As for meat specialties, we would drive to a village named Laterza, more inland and with the same characteristics of the seafood one. You basically enter a butcher shop, choose your meat (rigorously grilled), then walk to the back of the shop where long communal tables are setup to dine.
From grass fed beef to lamb, pork and mutton, all the meat comes from naturally raised, hormones and antibiotic free livestock.
And now on to the beaches! Taranto’s beaches extension along the cost is over 100 km long. The sea color is crystalline and has nothing to envy to the Caribbean waters.
The beach landscapes alternate from rock beaches, where the waters are deeper, golden sandy beaches and marine pine groves. You may choose from free beaches and private ones. The privately managed have organized structures with restaurants, bars, private cabins to change outfit and safely store your personal belongings, umbrellas and chairs rentals.
As a child, my parents would take us here, where it was possible to enjoy clean beaches and all the comforts that came with paying a reasonable fee while as a young adult me and my cousins would go to the free beaches (no fee to access it). They were a bit more rundown with uncollected trash laying around but we were not demanding :).
My misadventure at the “rock beaches”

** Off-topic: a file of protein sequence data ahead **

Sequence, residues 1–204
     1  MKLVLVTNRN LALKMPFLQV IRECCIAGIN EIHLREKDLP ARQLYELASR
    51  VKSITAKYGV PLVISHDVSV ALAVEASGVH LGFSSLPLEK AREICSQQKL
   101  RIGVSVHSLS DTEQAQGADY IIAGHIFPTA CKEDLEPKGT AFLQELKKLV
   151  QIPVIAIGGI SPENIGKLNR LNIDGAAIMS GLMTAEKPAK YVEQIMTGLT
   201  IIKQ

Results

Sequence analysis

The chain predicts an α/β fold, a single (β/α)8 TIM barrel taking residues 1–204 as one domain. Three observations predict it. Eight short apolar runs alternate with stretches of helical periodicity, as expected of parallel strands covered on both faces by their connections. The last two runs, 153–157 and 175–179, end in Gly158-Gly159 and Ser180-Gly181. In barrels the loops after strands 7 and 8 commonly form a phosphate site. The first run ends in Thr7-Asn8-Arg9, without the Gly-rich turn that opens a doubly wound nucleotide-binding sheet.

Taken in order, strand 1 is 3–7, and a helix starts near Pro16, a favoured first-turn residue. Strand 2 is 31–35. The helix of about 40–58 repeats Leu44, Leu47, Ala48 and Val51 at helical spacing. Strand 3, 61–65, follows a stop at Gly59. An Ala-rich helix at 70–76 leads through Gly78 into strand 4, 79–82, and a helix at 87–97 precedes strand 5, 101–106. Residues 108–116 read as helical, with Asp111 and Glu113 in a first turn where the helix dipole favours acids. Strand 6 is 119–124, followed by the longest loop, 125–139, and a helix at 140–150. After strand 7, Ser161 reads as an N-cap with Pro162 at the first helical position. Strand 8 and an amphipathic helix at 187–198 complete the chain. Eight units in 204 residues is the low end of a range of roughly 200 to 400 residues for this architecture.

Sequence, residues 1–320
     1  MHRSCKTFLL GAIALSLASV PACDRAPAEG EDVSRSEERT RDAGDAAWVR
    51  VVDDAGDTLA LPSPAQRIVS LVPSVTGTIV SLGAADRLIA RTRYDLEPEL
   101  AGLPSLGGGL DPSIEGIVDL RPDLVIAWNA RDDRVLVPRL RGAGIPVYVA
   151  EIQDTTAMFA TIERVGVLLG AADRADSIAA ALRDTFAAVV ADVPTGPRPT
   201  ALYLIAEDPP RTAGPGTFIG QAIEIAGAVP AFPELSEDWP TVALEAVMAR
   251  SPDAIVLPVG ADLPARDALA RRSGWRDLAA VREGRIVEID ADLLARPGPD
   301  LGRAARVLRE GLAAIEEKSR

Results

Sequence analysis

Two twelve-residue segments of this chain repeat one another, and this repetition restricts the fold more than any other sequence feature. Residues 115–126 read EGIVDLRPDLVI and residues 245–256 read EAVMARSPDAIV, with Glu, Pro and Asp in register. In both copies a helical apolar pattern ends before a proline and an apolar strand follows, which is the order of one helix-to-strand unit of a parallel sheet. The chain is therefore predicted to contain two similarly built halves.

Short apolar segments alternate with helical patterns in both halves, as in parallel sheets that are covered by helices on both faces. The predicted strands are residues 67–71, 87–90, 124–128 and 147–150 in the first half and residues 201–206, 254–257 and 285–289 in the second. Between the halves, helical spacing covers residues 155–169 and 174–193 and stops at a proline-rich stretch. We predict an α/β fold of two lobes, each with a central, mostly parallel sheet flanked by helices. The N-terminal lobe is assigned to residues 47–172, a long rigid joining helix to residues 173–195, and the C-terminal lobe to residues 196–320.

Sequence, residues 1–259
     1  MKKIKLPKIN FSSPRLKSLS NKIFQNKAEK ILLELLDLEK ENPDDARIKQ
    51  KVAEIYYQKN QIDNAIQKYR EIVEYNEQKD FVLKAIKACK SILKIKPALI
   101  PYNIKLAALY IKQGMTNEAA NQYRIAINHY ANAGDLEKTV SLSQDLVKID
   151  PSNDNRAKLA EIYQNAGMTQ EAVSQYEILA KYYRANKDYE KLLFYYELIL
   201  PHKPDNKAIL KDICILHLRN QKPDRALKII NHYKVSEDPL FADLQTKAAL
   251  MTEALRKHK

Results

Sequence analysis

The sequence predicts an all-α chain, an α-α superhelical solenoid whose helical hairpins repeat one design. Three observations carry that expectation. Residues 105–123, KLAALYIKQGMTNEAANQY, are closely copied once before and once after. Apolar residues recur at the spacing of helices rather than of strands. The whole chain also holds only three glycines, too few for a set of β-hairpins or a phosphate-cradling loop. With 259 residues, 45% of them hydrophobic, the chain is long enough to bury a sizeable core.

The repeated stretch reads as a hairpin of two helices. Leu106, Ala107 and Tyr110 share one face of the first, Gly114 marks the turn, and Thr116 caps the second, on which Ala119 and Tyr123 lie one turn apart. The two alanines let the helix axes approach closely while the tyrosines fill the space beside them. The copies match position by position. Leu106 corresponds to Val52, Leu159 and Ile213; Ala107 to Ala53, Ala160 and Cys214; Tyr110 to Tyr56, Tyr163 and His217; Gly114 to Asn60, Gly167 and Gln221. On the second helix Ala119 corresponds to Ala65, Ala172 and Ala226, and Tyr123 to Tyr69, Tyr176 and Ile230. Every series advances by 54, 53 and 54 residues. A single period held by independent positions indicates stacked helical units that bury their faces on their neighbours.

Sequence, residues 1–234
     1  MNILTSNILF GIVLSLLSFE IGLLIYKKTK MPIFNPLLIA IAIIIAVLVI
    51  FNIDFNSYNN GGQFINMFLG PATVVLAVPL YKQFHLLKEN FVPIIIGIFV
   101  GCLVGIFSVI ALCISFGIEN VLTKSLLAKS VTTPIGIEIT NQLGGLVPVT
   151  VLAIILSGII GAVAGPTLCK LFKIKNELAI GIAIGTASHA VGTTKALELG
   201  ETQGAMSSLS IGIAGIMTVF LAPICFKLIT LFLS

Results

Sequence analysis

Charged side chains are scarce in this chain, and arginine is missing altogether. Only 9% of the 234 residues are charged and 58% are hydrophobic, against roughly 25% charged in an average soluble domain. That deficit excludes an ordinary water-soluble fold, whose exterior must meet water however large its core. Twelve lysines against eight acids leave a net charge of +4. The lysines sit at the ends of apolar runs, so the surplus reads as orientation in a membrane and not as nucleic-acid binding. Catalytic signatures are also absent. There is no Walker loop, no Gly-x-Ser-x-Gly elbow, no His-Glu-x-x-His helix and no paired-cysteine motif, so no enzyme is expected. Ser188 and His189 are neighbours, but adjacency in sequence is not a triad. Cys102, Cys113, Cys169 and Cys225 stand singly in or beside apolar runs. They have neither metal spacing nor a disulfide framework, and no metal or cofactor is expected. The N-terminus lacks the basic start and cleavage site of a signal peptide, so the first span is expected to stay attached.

Since I can’t swim, (long story…) I’ve found it a bit challenging to enjoy a bath in those very deep waters; even more challenging is when you don’t wear protective shoes to try to at least wet your feet, and while hanging on a slippery rock you step right on a sea urchin!
YEP, HAPPENED TO ME…IT DOES HURT! And it hurts until your cousin takes EVERY SINGLE SPINE OFF YOUR FOOT WITH A TWEEZER LOL!
Back to the golden sandy beaches which I much more enjoyed :).
The 6 of us would pile up in 2 cars around 9/10 am with umbrellas, chairs, towels and obviously water, fruit and “snacks”. We would all leave from my uncle’s villa and our trips were planned as an (almost) all day stay.
First stop: the local bakery. We had to have Focaccia bread! Fluffy, oily, warm right out of the oven heavenly baked and topped with just cherry tomatoes. The simplest version of focaccia and the most satisfying. And obviously a few Panzerotti couldn’t miss. Panzerotti are deep fried small calzone filled with tomato sauce and fresh mozzarella.
Second stop: meats and cheeses deli. With all those carbs we had to have some fresh protein! So welcome mozzarella nodini! (knot shaped mozzarella previously described). We would buy two bags of it (approximately 7 per bag) and carry it sealed in their own water (to avoid drying up).
I vividly remember the ecstasy of voraciously dipping my hand right in those bags and bite right into the nodini, just like that, with my bare hands! By the time we found parking and settle our things it was about lunch time. Between talks, laughter, baths and laying out like lizards and then baths again, and drying up again, we would return home after 5 pm.
And so here it is, I hope you enjoyed my kind of South!